Because I Could Not Stop for Death

How does the poet vividly explore the transition from life to death in the poem “because I could not stop for death.”

Emily Dickinson wrote the poem “because I could not stop for death,” in the late 19th century, this is known as the Modernist period, and surely this influenced the poem with pessimistic ideas, in the case it is specific to the theme death. Dickinson narrates her life from youth to her very death. In Dickinson’s case it doesn’t seem that she is afraid of death but more that she is accepting it. Dickinson also includes various literary techniques, which emphasises he person style such as her punctuation, internal rhyme, a specific meter pattern, anaphora, alliteration, and finally personification that supports the whole poem.

First, the poem starts with the title “because I could not stop for death,” this indicates to the audience that Dickinson is starting the poem with a strong and this means the first stanza is a significant one containing the main ideas the underpins the poem. Dickinson explains that “death-kindly stopped for me,” directly inferring that she is now dead. Stylistically Dickinson makes it seem that “death,” has human qualities, this effect is known as personification. However it may seem that death is carrying out a horrible deed but in fact the narrator is awaiting death as if she were a “bride,” and “death,” a “groom.” The narrator is convincingly being transported from the “coffin,” to the “grave,” During this time the narrator seems to reflect on her past life and seems to look forward to “immortality,” who is personified also as a passenger in the “carriage,” where is travelling in. Here the narrator is literally transitioning from life to death.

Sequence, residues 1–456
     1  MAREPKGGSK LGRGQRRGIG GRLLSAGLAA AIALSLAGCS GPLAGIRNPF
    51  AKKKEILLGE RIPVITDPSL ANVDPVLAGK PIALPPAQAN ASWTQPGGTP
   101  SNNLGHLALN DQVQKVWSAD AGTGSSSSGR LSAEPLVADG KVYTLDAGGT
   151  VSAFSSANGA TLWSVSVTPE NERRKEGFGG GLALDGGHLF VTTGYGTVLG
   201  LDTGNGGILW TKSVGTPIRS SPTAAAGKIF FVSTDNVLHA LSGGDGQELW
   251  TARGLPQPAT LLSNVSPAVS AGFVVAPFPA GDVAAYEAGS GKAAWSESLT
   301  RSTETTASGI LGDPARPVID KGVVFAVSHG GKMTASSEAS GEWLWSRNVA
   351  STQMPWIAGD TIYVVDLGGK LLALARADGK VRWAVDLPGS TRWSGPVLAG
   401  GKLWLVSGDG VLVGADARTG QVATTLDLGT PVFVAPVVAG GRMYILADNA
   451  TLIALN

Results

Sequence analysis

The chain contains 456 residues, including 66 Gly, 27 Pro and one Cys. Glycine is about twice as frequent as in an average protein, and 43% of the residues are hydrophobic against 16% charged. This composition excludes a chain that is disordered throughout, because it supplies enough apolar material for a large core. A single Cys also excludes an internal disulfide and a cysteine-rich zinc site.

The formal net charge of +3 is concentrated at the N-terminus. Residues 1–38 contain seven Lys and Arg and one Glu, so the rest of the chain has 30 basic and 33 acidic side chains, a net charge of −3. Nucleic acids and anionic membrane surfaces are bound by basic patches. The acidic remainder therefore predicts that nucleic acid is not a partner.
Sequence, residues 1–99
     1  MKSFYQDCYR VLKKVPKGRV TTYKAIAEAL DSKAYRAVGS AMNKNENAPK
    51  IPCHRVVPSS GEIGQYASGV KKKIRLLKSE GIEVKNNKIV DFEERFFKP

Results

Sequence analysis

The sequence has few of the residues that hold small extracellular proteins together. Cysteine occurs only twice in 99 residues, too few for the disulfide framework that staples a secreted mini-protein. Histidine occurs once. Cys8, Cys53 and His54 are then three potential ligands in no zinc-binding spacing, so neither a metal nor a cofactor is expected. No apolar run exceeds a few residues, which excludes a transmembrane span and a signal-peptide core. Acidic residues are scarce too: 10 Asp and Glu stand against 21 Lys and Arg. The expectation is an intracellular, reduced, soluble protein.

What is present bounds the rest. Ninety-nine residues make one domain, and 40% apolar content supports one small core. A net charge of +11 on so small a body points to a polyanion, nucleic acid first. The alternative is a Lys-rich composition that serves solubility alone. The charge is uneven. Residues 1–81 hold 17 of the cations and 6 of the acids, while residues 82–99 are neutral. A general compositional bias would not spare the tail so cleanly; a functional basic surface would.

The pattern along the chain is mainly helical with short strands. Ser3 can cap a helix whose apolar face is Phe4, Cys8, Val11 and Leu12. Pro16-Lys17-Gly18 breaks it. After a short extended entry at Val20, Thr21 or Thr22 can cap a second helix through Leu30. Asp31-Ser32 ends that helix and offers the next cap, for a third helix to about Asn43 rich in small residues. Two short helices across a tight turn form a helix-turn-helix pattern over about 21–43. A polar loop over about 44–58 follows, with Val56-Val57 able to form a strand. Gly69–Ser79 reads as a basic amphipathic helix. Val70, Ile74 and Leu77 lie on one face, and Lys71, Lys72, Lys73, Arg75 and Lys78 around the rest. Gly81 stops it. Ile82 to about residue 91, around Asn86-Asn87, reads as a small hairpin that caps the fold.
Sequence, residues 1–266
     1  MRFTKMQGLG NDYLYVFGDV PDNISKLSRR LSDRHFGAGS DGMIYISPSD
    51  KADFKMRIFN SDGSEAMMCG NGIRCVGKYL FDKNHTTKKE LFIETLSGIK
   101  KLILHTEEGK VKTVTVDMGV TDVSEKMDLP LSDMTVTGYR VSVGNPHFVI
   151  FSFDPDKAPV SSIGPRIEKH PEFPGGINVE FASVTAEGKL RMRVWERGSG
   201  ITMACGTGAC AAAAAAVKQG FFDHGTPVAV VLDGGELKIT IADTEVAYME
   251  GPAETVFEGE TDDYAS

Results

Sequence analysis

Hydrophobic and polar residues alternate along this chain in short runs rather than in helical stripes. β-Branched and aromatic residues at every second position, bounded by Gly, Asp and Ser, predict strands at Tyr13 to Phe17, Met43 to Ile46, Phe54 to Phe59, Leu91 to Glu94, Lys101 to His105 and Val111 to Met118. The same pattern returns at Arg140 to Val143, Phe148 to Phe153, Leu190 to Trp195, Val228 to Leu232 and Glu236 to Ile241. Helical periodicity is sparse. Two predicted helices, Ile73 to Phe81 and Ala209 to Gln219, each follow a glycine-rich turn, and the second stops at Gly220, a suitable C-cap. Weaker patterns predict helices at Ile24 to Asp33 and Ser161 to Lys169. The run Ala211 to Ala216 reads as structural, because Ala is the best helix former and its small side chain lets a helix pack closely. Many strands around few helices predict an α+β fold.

Furthermore, one cannot help notice the excessive use of punctuation in the form of dashes. Dickinson uses it to help with the flow of the poem and depict movement that syncs with other symbols in the poem. Such as in stanza three where it states, “We passed the School, where...